Hall of fame inducts two

by Donna Lampkin Stephens

Joe Mosby, a 501 favorite outdoor writer, and Steve Sullivan, sports director of KATV Channel 7 in Little Rock, entered the Arkansas Sportscasters/Sportswriters Hall of Fame on Saturday.

Mosby and Sullivan made up the seventh class and were inducted during a banquet at the Centennial Special Events Center in Conway.

Mosby, 82, has been a journalist for 61 years, most notably for the old Arkansas Gazette from 1969-91, the Arkansas Game and Fish Commission, Stephens Media and the Log Cabin Democrat. While he is best known as an outdoor writer and editor, covering hunting, fishing, camping, bird-watching, recreation and other such topics, he has also covered many other sports, including high school and college events, and all kinds of news, particularly during his stints with a couple of newspapers.

“I don’t know why I became a writer,” Mosby said during his acceptance remarks. “No one in my family was a writer. Most of them were normal.”

After graduating from high school in Memphis, he transferred from what is now the University of Memphis to the University of Arkansas, where he worked on the student newspaper, the Arkansas Traveler, alongside Robert McCord, Jerry McConnell and Charles Allbright, all of whom would join him eventually as legends of Arkansas journalism. He also got a start professionally at the UA, he admitted, when he ”wrote and sold term papers.”

During his early stint with the Log Cabin, he worked under the late Joe McGee, where he learned “the holy trinity” of journalism: get the story, get it right and get it in the paper.

He married a Conway girl, the former Mary Ann Starr, who has been his frequent traveling companion for most of those 61 years.

The late Orville Henry, long-time sports editor of the Gazette, had to call him twice to get him to Little Rock.

“I didn’t think I’d be comfortable at a big city newspaper,” Mosby said.

But from 1969 until the day the paper died in 1991, he was.

He started at the Gazette in sports and became outdoor editor unexpectedly.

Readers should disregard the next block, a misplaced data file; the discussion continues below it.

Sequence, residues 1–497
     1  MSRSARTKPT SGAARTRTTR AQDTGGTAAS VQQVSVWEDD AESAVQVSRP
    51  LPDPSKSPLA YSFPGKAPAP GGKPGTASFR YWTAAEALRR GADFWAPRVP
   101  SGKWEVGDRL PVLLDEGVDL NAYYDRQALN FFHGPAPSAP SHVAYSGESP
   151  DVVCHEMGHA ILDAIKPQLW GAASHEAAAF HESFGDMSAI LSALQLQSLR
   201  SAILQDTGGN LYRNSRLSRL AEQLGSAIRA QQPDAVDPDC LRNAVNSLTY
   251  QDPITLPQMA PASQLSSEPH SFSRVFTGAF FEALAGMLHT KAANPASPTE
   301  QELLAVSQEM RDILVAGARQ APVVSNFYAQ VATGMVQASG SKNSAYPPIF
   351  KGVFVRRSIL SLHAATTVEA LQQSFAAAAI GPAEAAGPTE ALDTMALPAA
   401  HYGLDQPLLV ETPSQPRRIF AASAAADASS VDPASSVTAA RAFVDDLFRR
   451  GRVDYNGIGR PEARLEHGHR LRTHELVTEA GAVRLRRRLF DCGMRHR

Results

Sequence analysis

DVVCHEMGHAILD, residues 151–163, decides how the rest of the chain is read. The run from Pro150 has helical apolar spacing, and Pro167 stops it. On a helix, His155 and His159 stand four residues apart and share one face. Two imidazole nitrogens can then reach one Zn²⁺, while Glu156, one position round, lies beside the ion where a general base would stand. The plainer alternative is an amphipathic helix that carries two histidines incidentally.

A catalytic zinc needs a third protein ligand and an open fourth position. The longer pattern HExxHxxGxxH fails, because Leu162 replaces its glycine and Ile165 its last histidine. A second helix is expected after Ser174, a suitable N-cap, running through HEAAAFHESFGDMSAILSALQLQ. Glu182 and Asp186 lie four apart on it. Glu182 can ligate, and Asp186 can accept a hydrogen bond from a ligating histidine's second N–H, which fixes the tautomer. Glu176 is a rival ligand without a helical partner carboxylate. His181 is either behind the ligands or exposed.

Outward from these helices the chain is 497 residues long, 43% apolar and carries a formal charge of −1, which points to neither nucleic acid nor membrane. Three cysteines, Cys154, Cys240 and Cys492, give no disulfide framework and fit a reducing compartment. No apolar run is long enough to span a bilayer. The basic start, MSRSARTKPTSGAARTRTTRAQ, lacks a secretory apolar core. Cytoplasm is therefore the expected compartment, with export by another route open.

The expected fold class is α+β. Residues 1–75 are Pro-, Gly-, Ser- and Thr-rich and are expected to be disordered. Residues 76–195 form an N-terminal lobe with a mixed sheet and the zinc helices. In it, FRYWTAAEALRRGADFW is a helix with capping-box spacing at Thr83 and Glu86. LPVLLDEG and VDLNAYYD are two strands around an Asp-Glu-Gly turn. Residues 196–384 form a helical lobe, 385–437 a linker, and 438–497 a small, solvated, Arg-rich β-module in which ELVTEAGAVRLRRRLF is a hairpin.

“Four hours (after the previous one died), the managing editor called and said, ‘You’re the new outdoor editor,’” Mosby recalled.

Mosby was inducted into the Arkansas Outdoor Hall of Fame in 2002 and has been recognized by the Arkansas Press Association for his years of service to journalism. He also is a past recipient of the Arkansas Activities Association’s Distinguished Service Award.

While appreciative of Saturday’s honor, he closed: “I thank the Lord for making me a husband, daddy, granddaddy and great-granddaddy,” he said.

Sullivan, born and raised in Framingham, Mass., came to Arkansas almost on a fluke. One of six children, he said he didn’t have much money for college, so he and a buddy came up with a scheme to finance their higher education.

Steve Sullivan (left) was inducted into the Arkansas Sportscasters/Sportswriters Hall of Fame.

“We invested in a greyhound,” Sullivan remembered. “I had to pick a school that was cheap, had a radio/television program and was close to a race track.”

Arkansas State was the winner, and he’s been in the Natural State ever since.

“I lasted longer than the dog,” he joked.

After graduation, he took a job at KFBW, a Fort Smith radio station, and later moved across town to KHBS-TV. From there Bob Steel hired him at KARK Channel 4 in Little Rock. After 12 years there, he moved to KATV, working alongside the legendary Paul Eells. After Eells’ death in 2006, he was named sports director.

“As you get older, you treasure relationships more than accomplishments,” said Sullivan, a former Arkansas Sportscaster of the Year. “Without a doubt, the highlight of my career has been working with Paul Eells.”

Sullivan does play-by-play for University of Central Arkansas football and has served in the same role for ASU, Henderson State, Harding, UALR, Greenbrier, Benton, Fort Smith Northside and Southside.

Previous hall of fame inductees included Orville Henry and Paul Eells in 2007, Jim Bailey and Bud Campbell in ’08; Harry King and Jim Elder in ’09; Jerry McConnell and Pat Summerall in ’10; Wadie Moore and Frank Broyles in ’11 and David McCollum and Mike Harrison in ’12.

Jimmy (Red) Parker, about to turn 82, was given the Lifetime Achievement Award. He started his coaching career at Fordyce in 1953 and has also coached at what is now the University of Arkansas at Monticello, The Citadel, Clemson, Vanderbilt, Southern Arkansas, Delta State, Ole Miss, Ouachita Baptist and Rison. He started the Benton Harmony Grove football program a few years ago.

Red Parker accepts award.

His Fordyce teams won state titles in 1958, ’59 and ’60, and his Rison team capture
d another in 2000.

“I’m trying to get Harmony Grove to give me a couple of more years to get some age and experience on me,” joked Parker, now operating with an artificial heart. “If you love what you do, you’ll never work a day in your life.”

Previous winners of the Lifetime Achievement Award were Bailey in ’07, Broyles in ’08; John McDonnell in ’09; Ken Hatfield in ’10; Mosby in ’11; and Jerry Jones in ’12.

Josh Harrison of Conway, who is battling Stage 3 melanoma, was recognized as member of the year of the Arkansas Sports Club, the sponsoring organization of the Hall of Fame.

Dick (Lefty) O’Neal, a former UCA football and baseball player and the only white player to pitch in the Negro Baseball Leagues, was master of ceremonies.